Hiroshima Insight

A-bomb microcephaly

Mental and physical disabilities from exposure in womb

When the United States dropped the atomic bombs on Hiroshima and Nagasaki, many babies were exposed to these weapons while in their mother's womb. As a result, a number of them came to be born with the disorder known as "A-bomb microcephaly." The cause of the condition was their exposure to high levels of radiation while in an early stage of development as an embryo. The size of the head is smaller for such patients, compared to ordinary people, and they often suffer from mental and physical disabilities. According to the Ministry of Health, Labor and Welfare, there are 22 patients with A-bomb microcephaly living in Japan as of the end of March 2011. They are known as "the youngest atomic bomb victims."

It took 20 years, after the bombings, for the existence of A-bomb microcephaly patients to become widely known. At first, the Atomic Bomb Casualty Commission (ABCC), now the Radiation Effects Research Foundation, told the patients' families that the disorder was caused by malnutrition during pregnancy, not by the atomic bombing.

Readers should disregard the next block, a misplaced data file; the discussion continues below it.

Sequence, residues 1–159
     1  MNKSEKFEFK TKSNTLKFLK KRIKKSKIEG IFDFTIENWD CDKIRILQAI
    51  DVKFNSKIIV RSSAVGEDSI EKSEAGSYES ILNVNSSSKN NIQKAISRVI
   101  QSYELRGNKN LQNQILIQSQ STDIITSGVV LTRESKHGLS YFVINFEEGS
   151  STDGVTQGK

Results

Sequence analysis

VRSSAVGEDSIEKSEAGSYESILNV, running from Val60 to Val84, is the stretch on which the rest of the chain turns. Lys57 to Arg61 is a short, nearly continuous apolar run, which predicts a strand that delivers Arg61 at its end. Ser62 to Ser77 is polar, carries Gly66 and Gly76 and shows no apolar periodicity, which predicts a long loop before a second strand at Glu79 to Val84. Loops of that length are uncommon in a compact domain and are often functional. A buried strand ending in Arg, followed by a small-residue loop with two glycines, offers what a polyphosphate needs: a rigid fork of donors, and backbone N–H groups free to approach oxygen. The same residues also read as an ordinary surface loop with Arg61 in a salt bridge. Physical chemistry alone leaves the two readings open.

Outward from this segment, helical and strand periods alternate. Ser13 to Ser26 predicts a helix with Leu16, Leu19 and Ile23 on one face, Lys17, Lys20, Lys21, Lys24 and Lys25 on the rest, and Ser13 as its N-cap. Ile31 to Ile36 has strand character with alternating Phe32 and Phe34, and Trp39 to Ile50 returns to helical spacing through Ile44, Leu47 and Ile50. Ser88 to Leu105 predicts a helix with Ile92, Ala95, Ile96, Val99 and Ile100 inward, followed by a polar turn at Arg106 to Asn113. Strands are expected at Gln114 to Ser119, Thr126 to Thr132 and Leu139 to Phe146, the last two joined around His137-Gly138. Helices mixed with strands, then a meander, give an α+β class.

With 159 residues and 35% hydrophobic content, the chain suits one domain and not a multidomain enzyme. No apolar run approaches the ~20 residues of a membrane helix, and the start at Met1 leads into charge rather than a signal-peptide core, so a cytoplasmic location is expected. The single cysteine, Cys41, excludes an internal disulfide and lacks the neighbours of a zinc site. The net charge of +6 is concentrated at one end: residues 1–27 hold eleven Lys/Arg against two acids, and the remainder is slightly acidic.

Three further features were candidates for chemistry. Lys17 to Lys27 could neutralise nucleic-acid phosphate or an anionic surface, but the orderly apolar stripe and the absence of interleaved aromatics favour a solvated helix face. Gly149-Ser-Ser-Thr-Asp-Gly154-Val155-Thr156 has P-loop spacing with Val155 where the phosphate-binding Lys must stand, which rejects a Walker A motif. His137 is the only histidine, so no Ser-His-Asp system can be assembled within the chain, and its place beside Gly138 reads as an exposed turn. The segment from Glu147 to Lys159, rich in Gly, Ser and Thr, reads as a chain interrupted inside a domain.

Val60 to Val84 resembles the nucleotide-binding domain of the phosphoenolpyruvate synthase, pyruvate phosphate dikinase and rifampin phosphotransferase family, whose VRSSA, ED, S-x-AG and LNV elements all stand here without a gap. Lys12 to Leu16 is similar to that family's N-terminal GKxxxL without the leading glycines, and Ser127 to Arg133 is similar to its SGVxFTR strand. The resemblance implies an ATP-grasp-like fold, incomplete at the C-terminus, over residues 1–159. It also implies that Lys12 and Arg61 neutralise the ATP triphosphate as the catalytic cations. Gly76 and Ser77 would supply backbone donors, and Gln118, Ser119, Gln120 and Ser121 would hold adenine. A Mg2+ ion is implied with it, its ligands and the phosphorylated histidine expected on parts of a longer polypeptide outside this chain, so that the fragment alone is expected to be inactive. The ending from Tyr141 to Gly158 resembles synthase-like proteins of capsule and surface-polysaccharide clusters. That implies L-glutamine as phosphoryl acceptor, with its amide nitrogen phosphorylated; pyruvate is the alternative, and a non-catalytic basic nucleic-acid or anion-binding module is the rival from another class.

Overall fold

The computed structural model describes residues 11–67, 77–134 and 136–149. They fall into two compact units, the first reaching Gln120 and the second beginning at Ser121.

In 1965, a group of writers and journalists called the "Hiroshima Research Group" published the book "Kono sekai no katasumi de" ("In One Corner of the World"), which brought the existence of microcephalic patients, who had long been left in shadow, out into the light. With this as inspiration, the patients and their families formed the "Mushroom Club" and began to lobby the government. Then, in 1967, the government finally admitted that their disorder was a consequence of the atomic bombings.

Microcephalic patients have suffered from the damage wrought by nuclear radiation from the time of their birth. While their ties to society are tenuous due to fears of prejudice and discrimination, they now face the problem of growing old and losing their parents. The government has a duty to strengthen the support measures for these individuals.